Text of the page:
Authenticating users against your own DataBase

Syncplify.me Server! version: 4.0.16+

Note: in order to use the code posted in this article you need to be running at least version 4.0.16 or greater of Syncplify.me Server!

As you all know, Syncplify.me Server! already supports its own internal users, as well as Windows and Active Directory users (and groups, depending on the license type). Yet, some of our customers need to implement totally custom authentication methods, often based on their own user databases.

In this article we will show one way to do so. This is clearly just meant to serve as an example, and real-life scenarios require some further customization to the DB and the script posted here. But it’s a fairly decent starting point.

So, the background scenario for this example is:

  • our users’ authentication data are stored in a Microsoft(R) Access database
  • in our DB, each user is associated to a “category” (in this case his/her department: sales, marketing, …)
  • for the sake of this example, all users’ passwords are set to “password” (without quotes)
  • the script is pretty sophisticated, because besides authenticating the user, it will load a user profile that belongs to the “category” of the user from the main Syncplify.me Server! user-base

So let’s start taking a look at our user database: Continue reading

Scripting lesson: using scripting and session info

Syncplify.me Server! version: 4.0.13+

This articles shows how to use scripting, event-handling and session information from within Syncplify.me Server! For the sake of this example we will only log such information in the log file, but in real-life production scenarios you can use these info as you wish (for example you may want to send them via email to someone, or even make decisions based upon them).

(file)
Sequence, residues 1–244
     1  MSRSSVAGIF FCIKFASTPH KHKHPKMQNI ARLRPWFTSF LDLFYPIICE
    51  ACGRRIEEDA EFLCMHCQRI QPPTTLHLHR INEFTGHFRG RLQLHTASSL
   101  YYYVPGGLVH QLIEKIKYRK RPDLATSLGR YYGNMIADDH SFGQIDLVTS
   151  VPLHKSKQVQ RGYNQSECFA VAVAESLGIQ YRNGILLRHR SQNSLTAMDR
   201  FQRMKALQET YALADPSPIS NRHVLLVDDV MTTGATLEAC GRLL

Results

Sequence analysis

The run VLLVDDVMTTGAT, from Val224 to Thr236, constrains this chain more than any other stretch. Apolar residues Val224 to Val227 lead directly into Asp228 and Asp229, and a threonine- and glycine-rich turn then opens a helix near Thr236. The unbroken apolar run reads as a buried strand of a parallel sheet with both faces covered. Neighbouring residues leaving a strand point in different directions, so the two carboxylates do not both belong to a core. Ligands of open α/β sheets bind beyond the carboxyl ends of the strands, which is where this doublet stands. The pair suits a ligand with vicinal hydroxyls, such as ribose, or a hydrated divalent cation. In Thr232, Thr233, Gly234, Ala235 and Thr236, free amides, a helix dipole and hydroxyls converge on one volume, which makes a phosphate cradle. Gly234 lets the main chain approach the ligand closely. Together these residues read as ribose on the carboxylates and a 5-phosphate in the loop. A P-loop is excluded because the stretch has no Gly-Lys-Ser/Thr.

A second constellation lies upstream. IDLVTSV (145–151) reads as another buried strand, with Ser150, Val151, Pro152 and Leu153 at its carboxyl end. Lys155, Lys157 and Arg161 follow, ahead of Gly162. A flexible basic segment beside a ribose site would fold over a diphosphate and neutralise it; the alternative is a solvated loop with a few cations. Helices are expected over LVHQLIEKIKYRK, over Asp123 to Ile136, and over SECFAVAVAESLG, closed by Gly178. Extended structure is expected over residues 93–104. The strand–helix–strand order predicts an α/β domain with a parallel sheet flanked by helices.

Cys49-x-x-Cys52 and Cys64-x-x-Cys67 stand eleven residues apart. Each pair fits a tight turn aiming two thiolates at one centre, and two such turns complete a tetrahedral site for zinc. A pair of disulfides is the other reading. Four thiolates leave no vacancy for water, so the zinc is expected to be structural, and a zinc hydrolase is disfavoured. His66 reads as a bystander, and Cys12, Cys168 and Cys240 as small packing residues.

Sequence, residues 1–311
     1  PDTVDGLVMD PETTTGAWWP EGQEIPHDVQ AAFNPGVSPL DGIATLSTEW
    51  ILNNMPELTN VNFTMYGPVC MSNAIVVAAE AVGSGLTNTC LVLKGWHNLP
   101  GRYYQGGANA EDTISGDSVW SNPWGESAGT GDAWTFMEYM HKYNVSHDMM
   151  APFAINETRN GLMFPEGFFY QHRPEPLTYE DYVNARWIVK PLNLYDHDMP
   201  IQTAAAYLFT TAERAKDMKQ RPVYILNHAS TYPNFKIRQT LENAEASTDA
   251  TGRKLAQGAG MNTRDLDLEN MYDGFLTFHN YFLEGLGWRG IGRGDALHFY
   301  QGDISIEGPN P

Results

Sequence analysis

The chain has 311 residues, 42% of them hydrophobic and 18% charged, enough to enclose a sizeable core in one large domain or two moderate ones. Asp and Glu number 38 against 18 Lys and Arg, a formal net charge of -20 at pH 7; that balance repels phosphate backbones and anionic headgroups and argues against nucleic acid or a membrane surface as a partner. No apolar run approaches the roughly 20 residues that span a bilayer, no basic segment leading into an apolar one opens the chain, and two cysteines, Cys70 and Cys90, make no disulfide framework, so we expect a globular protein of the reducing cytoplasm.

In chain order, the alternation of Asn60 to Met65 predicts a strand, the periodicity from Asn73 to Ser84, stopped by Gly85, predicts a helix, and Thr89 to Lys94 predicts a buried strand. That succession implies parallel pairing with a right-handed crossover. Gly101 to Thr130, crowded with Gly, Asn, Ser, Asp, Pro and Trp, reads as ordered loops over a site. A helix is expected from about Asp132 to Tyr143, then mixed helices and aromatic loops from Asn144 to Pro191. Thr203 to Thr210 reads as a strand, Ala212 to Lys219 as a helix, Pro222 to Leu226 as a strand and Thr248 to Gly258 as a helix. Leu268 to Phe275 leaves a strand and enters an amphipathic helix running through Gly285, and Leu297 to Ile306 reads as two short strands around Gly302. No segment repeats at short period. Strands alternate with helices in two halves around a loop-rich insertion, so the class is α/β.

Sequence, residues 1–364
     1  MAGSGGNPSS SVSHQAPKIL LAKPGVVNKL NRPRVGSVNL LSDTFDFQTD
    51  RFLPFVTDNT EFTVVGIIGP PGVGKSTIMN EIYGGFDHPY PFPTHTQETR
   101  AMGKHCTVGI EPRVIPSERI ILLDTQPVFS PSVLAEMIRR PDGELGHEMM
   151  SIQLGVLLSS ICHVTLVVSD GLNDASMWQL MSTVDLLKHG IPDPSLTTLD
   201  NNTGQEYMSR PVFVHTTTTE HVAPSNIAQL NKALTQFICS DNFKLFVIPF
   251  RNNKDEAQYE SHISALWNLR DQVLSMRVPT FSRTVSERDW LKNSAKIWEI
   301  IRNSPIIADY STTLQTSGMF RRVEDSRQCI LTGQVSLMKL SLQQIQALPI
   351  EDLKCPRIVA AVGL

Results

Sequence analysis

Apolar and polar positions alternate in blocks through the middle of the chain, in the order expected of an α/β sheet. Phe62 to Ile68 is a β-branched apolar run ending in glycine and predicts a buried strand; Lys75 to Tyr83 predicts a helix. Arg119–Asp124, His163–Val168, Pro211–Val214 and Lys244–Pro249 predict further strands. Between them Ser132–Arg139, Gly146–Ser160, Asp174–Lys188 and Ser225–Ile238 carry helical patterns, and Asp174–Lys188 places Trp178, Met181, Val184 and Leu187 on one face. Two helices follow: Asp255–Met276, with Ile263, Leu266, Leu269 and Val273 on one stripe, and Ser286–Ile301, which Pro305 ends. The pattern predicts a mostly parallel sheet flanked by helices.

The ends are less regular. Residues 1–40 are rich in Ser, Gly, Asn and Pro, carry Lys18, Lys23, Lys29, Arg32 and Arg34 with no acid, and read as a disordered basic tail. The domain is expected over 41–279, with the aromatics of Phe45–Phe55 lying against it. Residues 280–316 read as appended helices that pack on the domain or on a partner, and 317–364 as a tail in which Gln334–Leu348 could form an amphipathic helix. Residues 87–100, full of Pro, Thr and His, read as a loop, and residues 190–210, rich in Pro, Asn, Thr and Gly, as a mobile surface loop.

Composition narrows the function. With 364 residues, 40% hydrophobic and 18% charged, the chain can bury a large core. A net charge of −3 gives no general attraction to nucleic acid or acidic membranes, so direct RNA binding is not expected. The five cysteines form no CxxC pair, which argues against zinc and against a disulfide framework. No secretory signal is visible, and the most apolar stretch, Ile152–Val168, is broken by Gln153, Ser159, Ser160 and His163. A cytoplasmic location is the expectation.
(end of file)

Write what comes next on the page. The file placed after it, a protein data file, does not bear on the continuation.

Let’s start by preparing the script that – as we said – will log some info in your Syncplify.me Server!’s log file:

We save the above script with the following name/description: “Log several client and connection info”.

Then we add an event-handler to trigger the execution of the script. Since the script contain references to file-transfer-related variables (VirtualObjectName and ObjectName) it seems obvious to trigger its execution upon occurrence of a file-transfer-related event. For the sake of this example we have chosen the AfterFileUpload event, which occurs every time a file is successfully uploaded by a client onto the server. Continue reading

Extending your SFTP Server: Lesson #1

This is the first of a series of video lessons to help our users learn how to unleash the full power of Syncplify.me Server! by writing scripts that are executed automatically upon occurrence of certain events.

This first script is kind of a “hello world”, but it’s meant to give our users a glimpse of the features Syncplify.me Server! puts at their disposal.

Once you’ve watched the video, if you don’t want to re-type the script by hand, here’s the source code for you, ready to copy and paste.

 

Handling custom SITE commands over FTP(E/S)

This article refers to a new feature that will be introduced in the upcoming Syncplify.me Server! version 4.0.

As many of you know, the FTP protocol (and therefore also both its encrypted versions FTPS and FTPES) feature a very simple way for clients to send custom commands to the server: the SITE command (RFC 959).

Some servers implement a fixed set of site-specific commands through it, but Syncplify.me Server! v4 goes beyond that and gives the server’s administrator total control over the SITE command handler behavior and response. Continue reading

Syncplify.me Server! v3.0: improved session object

Thanks to our precious beta-testers (Izzy, Antonio, and “the gang”) we have been greatly improving our session object, for the joy of all users who take advantage of Syncplify.me Server!’s event-handling subsystem in order to run their own scripts.

In addition to all the properties and methods that were already present in v2.x, the new version will also feature the following ones:

Continue reading